Great discussion. I wanted to add a couple of points that will hopefully make your decision easier: 

  1. The gain on a property that's been a primary residence for only part of the time during the last 5 years is NOT completely tax-free. That was the old rule. Currently, they prorate the amount of the gain between the time it was primary and the time it was held as an investment. The part of the gain allocated to investment is taxable. I just went through this with one of my properties last year so you might want to consult with your CPA. You can still 1031 the taxable portion of the gain and defer it into the future. 
  2. Excluding selling fees, your property has been growing in value at about 6.18% per year (Compounded annual growth rate). If we assume you paid 20% down when you purchased, that translates to a 31% annual return on your investment.  The negative cash flow you're experiencing due to below market rent is offset by the fact that most of that negative cash flow goes toward paying down principal. One of the important questions you have to ask yourself is: How likely is it that the annual growth rate of 6.18% will continue to happen in the future? Is the market poised for more growth or has it topped out? Crystal ball type questions, I know. :-)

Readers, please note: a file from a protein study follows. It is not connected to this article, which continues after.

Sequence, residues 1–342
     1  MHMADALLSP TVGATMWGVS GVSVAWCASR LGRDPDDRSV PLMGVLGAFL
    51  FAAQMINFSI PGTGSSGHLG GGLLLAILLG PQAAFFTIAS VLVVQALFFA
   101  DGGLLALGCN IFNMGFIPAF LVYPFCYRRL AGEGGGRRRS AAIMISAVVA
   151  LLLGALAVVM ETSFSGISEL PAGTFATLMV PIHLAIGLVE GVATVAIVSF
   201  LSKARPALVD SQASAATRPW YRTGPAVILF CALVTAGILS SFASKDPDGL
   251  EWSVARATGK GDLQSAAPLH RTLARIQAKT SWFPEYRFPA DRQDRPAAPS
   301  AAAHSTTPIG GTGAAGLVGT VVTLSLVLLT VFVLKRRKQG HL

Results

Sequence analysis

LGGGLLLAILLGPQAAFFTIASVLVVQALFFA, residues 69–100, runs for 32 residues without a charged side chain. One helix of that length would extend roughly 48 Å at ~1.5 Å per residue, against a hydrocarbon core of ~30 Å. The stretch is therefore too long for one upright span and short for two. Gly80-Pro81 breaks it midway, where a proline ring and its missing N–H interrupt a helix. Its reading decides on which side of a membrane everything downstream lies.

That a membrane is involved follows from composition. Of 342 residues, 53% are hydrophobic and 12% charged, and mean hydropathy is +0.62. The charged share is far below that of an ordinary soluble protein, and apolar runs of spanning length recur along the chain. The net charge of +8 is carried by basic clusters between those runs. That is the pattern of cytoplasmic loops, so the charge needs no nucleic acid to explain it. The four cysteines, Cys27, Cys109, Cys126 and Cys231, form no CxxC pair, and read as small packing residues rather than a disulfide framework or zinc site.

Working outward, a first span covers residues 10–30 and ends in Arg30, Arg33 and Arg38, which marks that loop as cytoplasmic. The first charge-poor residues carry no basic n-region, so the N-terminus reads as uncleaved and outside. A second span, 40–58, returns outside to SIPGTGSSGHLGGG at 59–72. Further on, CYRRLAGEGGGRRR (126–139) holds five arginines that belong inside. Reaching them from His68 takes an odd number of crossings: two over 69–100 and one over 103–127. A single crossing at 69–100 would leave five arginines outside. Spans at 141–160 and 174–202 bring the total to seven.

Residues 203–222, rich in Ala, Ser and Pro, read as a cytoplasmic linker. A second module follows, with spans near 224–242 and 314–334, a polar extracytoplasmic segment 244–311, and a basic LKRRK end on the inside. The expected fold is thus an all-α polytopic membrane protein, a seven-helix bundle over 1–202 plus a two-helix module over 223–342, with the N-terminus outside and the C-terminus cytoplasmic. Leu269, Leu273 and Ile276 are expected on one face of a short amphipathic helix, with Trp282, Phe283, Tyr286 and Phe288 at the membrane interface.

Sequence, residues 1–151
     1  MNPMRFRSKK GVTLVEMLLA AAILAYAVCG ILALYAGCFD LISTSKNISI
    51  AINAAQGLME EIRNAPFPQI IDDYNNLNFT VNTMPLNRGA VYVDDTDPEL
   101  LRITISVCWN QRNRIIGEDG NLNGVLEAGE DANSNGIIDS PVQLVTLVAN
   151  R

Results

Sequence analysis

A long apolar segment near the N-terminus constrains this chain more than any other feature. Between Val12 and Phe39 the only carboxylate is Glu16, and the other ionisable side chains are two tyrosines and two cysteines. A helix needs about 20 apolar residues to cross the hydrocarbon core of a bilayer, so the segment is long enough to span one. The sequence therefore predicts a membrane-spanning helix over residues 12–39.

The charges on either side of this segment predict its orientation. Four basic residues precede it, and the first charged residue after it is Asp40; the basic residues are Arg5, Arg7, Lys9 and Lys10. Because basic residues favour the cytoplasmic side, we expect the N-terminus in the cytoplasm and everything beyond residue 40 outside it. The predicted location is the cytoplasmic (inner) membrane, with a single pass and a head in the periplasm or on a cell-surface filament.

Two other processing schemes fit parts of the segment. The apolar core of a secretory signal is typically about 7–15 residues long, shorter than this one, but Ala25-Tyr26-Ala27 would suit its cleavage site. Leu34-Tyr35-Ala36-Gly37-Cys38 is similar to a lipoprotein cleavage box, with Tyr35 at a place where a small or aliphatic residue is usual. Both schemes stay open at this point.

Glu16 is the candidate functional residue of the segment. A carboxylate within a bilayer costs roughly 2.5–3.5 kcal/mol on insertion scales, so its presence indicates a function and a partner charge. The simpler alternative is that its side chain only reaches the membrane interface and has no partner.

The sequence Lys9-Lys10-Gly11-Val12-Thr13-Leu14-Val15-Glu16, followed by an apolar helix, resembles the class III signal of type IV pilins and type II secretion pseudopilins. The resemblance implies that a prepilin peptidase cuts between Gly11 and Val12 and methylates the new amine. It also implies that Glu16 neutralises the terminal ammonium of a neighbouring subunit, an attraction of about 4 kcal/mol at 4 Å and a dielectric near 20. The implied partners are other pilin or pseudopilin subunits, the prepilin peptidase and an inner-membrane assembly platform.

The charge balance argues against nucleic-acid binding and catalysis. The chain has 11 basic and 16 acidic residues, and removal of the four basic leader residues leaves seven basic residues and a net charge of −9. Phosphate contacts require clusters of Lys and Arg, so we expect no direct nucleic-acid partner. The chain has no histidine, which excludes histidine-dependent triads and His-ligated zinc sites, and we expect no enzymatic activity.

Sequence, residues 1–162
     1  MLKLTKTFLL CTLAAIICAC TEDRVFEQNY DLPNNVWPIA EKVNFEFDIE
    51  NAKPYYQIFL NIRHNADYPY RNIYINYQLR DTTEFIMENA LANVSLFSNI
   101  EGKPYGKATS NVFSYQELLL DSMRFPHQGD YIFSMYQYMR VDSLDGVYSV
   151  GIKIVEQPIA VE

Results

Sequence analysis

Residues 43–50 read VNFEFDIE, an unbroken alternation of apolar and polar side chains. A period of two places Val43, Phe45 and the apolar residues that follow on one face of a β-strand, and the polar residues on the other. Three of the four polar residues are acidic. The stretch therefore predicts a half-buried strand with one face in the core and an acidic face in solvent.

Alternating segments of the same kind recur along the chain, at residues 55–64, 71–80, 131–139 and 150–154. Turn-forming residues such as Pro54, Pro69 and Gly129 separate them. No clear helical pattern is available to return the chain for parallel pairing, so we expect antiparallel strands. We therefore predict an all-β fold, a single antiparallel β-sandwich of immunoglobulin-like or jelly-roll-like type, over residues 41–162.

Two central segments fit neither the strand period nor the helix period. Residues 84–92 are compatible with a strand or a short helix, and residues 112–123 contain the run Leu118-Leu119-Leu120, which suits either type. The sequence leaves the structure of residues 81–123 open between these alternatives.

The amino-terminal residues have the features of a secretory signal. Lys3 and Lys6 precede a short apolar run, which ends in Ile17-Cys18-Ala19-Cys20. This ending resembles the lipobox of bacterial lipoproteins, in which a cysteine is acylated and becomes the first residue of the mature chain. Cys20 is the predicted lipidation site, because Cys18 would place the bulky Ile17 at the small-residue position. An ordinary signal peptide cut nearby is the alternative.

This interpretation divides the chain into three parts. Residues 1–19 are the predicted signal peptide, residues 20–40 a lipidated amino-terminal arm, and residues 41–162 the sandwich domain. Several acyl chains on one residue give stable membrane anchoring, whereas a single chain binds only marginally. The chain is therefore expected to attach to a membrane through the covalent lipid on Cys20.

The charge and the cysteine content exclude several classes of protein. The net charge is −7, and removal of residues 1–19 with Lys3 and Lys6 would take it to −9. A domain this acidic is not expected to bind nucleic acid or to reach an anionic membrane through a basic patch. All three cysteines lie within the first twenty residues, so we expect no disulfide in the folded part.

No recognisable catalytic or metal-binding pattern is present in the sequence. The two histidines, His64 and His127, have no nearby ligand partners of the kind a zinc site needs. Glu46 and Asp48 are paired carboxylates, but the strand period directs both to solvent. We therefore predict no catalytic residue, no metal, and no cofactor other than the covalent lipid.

3. When it's a good time to sell, it's usually a bad time to buy. So the analysis boils down to this: What's the real return you're currently earning on your equity (the amount you'd net after sale) including principal paydown and appreciation and can you do better than that by pulling the equity out and purchasing multiple other properties? Notice, I said nothing about cash flow since that's doesn't seem to be your primary focus now. 

This is the exact dilemma that I have right now. I have purchased 8 SFR from Aug 2014 to June 2015. Cash flow started off pretty good actually. Most of the properties are located in Northern Collin County (Plano, Allen, McKinney, 160K-200K) and two are located in Cedar Hill (120K - 150K). While properties appreciate pretty good over the past few years, cash flow keeps dropping pretty dramatically. Property tax and insurance are just getting more and more expensive and rent is either constant or increase in ~2-3% rate. I am using 15 years fixed loan so cash flow is even lower (enough to cover all the mortgage, cost for sure). I think I have two choices, either getting rent to payoff the properties slowly and speculate the appreciation, sell now and invest elsewhere with better cash flow. Tough choices...

Have you considered selling it on owner finance?  That will give you a monthly payment and you will no longer have to maintain the property, pay the taxes and insurance, etc.

Personally, I will always do owner finance instead of landlording.